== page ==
Denver Broncos linebacker Von Miller has damaged his off-field image this year, and he should be desperately trying to repair it. Miller reportedly tried to circumvent the league's drug testing, was caught and suspended six games. Traffic violations are normally minor, but Miller was arrested in August for failing to appear for traffic court.
On Monday, Miller's attorney appeared in his place for one of Miller's traffic violations, except the presiding magistrate denied Miller's request to waive his appearance last Friday according to the Denver Post. Miller had to leave the team's training facility to go next door to the Arapahoe County Court to plead guilty to minor traffic violations.
Miller has only played in two games since returning from his six-game suspension, and he's already grabbing headlines for all the wrong reasons. While Miller's return to the field has been seamless, rebuilding his image will be more difficult, and he's off to a rocky start.
Yes, traffic court is minor, but it's still court. Why would Miller or his attorney think the presiding magistrate would be okay with him skipping the court date when he had a prior arrest for failing to appear? Why would Miller or his attorney even take that chance when he was two minutes away?
Even if the request was submitted, shouldn't Miller's attorney have been absolutely sure that Miller didn't have to appear? Isn't that what Miller is paying his attorney to do?
On one hand, this is much ado about nothing. It's traffic court, Miller's attorney screwed up and he was still able to plead guilty. Miller's attorney even took the blame for the mistake in court.
Miller should be able to put all of this behind him if he complies with the court order, but there is a bigger issue lurking beneath the surface. Miller and his attorney have failed to understand how every detail and minor mistake is going to be magnified in the weeks, months and years following his drug suspension and arrest for failure to appear.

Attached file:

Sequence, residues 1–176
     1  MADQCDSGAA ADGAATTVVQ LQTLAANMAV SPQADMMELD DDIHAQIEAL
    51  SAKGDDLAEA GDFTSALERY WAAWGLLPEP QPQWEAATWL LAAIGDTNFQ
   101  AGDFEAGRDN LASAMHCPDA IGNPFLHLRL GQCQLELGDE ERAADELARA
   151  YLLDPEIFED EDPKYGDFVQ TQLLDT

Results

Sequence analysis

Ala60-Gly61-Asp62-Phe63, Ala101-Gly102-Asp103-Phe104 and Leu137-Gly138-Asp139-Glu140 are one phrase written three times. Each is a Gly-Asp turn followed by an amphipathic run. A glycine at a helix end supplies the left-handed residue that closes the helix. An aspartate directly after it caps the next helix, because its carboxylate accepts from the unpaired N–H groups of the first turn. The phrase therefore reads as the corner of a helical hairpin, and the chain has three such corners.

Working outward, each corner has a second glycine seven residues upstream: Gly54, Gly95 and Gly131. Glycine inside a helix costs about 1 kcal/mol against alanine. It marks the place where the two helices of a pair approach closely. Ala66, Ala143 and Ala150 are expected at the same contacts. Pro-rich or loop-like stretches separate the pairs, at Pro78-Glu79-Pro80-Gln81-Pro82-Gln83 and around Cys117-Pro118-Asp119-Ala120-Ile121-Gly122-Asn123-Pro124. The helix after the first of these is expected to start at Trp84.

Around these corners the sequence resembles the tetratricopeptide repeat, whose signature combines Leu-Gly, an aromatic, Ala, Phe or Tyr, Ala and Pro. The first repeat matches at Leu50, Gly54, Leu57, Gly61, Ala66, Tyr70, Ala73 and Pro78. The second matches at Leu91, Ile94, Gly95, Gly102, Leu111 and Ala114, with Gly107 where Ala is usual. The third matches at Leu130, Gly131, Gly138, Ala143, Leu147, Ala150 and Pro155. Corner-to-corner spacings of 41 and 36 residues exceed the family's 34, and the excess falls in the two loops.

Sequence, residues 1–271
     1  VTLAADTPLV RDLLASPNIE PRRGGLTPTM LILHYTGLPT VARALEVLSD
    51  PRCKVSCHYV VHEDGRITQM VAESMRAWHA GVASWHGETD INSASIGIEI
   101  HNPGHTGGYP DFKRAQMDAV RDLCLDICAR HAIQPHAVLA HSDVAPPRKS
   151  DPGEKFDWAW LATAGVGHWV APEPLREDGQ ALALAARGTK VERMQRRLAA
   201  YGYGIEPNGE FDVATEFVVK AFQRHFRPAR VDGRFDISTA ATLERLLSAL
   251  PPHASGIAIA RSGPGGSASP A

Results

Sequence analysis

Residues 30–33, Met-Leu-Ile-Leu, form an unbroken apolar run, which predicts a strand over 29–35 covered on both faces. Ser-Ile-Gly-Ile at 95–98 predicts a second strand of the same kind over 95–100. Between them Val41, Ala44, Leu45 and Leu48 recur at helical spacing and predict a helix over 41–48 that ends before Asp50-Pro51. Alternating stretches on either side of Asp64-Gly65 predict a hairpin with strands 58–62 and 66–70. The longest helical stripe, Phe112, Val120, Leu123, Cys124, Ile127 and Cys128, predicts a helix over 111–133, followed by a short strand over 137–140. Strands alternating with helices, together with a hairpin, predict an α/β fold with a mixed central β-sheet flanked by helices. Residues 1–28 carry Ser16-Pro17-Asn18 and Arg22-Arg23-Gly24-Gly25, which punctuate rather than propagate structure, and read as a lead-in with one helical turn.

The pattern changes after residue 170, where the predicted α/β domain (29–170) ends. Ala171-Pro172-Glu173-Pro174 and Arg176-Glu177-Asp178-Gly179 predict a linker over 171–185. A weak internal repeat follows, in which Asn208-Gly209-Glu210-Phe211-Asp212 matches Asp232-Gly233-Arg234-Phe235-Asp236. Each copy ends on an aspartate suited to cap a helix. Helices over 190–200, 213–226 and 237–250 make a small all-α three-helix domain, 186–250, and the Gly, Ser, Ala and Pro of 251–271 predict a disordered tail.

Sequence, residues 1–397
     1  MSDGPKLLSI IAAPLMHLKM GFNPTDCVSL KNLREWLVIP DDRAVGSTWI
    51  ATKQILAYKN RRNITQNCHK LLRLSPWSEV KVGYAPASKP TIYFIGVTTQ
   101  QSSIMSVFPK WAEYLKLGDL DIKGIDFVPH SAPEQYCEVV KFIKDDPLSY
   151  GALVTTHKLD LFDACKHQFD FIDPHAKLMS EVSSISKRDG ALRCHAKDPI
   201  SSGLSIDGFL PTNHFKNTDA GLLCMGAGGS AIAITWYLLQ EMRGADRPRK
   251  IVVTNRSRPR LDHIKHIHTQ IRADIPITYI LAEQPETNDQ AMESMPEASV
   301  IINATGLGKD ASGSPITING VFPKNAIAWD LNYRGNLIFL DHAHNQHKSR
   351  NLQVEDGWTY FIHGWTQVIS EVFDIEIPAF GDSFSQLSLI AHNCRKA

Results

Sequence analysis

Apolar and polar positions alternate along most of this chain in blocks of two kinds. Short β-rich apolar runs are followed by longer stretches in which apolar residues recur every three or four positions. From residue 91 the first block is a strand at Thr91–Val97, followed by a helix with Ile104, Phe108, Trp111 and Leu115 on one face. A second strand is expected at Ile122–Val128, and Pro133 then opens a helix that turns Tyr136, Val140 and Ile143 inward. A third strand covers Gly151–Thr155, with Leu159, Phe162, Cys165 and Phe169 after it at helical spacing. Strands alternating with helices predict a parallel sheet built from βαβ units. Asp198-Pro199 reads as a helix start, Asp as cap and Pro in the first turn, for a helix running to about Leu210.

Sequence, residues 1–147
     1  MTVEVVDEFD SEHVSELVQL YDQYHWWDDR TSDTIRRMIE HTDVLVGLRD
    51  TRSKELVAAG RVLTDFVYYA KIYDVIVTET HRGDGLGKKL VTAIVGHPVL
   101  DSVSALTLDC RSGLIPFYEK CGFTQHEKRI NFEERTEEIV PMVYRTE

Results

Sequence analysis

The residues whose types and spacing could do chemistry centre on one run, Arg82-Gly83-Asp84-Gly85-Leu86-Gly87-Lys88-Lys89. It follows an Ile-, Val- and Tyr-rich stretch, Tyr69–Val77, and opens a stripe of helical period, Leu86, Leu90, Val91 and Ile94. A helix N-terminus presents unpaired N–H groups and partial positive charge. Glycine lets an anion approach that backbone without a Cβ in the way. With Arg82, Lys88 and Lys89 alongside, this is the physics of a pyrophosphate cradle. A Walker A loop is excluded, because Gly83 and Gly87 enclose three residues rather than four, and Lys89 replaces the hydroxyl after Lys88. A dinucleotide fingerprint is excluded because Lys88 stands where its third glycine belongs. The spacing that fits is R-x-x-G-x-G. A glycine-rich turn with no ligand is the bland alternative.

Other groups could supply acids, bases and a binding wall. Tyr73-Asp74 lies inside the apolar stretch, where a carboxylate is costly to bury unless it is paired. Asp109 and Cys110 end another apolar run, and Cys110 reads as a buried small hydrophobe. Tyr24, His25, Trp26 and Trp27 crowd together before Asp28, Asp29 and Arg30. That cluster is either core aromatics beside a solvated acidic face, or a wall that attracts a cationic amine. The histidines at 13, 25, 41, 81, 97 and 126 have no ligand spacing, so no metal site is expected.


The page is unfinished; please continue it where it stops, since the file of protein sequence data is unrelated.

Not many players are good enough to turn their name into a profitable brand, but Miller is one of them. When a company receives negative publicity—even for something minor or that wasn't its fault—it is still responsible for minimizing the damage and repairing any ensuing damage.
In order for Miller to repair his public image, he needs to surround himself with the best and brightest attorneys, a good public relations and marketing agency and a sharp personal assistant. That's what any good brand would do.
Miller also wants to be a poultry tycoon and has the name recognition and educational background to make it happen. The only thing that is going to keep Miller from becoming a successful brand is a poor public image.
Miller and those that are advising him need to keep his name out of the headlines for the wrong reasons, or at least provide some balance to the coverage. Imagine how things could have gone differently had Miller showed up to court, pleaded guilty and already had his community service lined up at a children's hospital over the bye week.
Miller could have issued a short statement afterward saying how he looks forward to putting this behind him and that he looks forward to his community service. Maybe donate a few signed footballs, and post some pictures on your twitter page.
Miller can't try to passively rebuild his image, nor can he have those responsible for assisting him making boneheaded mistakes. Miller needs to approach rebuilding his image with the same fervor he displays while rushing the quarterback.
The Broncos will get a long weekend because they are on their bye week, and Miller should use that time to complete his court-ordered 24 hours of community service. It's going to be a lot harder for him to find the time during the rest of the season without taking time away from the team.
Wouldn't that be a nice gesture by Miller to the fans? Any good public relations agency would ensure that news also trickled into the news stream. Maybe Miller makes that a regular thing, maybe down the line Miller has a children's hospital named after him like his teammate Peyton Manning.
After the events of today, it's pretty clear that Miller's attempt to rebuild the trust of the public is off to a rocky start. Miller still has time, but just like the Broncos Super Bowl run, the time is now.
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